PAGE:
C++ isinf() function | check if given argument infinite

C++ provides us with a built-in function isinf() that helps us determine whether a given argument is infinite or not. We will see some examples that explain the working of this function further in this tutorial.

C++ isinf() function is defined in <cmath> header. To read more on <cmath> functions, see this: Mathematical functions in C++.

The syntax for isinf() is as follows:

bool isinf( float number);
bool isinf( double number);
bool isinf( long double number);

As you can see, the isinf() function takes a floating-point value as an input parameter. The return type for the function is bool. If the input number is infinite( positive or negative) it returns true i. e. 1 else it returns false i. e. 0.

Let’s understand it with a few examples.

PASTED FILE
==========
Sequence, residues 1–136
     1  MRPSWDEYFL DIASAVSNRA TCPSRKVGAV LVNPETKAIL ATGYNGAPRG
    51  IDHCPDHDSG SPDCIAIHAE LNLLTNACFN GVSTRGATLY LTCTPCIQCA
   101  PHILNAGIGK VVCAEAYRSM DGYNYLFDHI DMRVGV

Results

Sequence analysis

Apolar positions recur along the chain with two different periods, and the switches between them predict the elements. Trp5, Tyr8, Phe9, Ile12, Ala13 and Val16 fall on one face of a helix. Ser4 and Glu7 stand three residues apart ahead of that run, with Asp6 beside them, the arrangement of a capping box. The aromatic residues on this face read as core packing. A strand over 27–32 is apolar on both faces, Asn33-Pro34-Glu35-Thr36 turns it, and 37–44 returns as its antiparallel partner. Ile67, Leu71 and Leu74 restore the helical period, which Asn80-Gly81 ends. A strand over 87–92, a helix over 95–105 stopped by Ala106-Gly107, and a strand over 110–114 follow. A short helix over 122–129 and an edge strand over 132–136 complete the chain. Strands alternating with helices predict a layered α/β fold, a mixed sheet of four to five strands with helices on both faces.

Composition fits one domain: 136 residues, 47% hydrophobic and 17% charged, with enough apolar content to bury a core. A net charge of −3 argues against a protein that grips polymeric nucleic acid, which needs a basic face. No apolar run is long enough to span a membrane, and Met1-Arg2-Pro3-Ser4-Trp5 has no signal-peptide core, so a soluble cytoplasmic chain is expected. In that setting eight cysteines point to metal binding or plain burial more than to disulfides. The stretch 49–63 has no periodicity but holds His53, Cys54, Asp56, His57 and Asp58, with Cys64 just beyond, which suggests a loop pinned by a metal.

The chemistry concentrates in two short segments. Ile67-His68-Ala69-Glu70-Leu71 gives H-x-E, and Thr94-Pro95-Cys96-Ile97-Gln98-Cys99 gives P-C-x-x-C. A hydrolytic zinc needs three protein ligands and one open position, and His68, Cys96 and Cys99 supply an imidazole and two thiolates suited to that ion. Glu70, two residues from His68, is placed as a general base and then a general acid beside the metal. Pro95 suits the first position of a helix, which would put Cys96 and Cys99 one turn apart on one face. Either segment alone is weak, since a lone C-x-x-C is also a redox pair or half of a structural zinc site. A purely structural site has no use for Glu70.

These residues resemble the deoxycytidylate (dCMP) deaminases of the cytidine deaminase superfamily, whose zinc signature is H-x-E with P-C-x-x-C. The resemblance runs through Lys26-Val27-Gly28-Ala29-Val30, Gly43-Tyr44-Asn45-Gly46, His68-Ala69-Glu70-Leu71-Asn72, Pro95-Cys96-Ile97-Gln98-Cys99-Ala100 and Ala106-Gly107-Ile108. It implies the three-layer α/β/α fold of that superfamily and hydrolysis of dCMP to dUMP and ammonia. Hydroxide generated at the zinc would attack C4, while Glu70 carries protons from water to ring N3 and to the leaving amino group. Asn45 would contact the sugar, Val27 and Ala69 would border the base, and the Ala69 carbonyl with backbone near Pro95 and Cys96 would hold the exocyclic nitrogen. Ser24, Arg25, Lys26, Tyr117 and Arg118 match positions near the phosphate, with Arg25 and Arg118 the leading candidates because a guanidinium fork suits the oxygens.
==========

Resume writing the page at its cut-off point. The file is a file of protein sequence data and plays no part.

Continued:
In the given example, we will see what happens when an infinite number is passed as an argument in the function. See the code below.

#include <iostream>
#include <cmath>

using namespace std;

int main()
{
  float number = 4.0/0.0;
  if(isinf(number))
  {
    cout << "Number is infinite" << endl;
  }
  else
  {
    cout << "Number is not infinite" << endl;
  }
  
  return 0;
}

The output for the above code is:

Number is infinite

In the above example, we have passed a number (4.0/0.0) as an argument for isinf() function. Since 4.0/0.0 results in infinity, the function returns 1. Therefore, the output print “Number is infinite”.

Now have a look at the below code where we have passed a finite number as input.

#include <iostream>
#include <cmath>

using namespace std;

int main()
{
  float number = -4.0;
  if(isinf(number))
  {
    cout << "Number is infinite" << endl;
  }
  else
  {
    cout << "Number is not infinite" << endl;
  }
  
  return 0;
}

Output:

Number is not infinite

As you can see, for a non-infinite number the isinf() function returns 0.

Thank you.

Also read: C++ Math nexttoward() function with example

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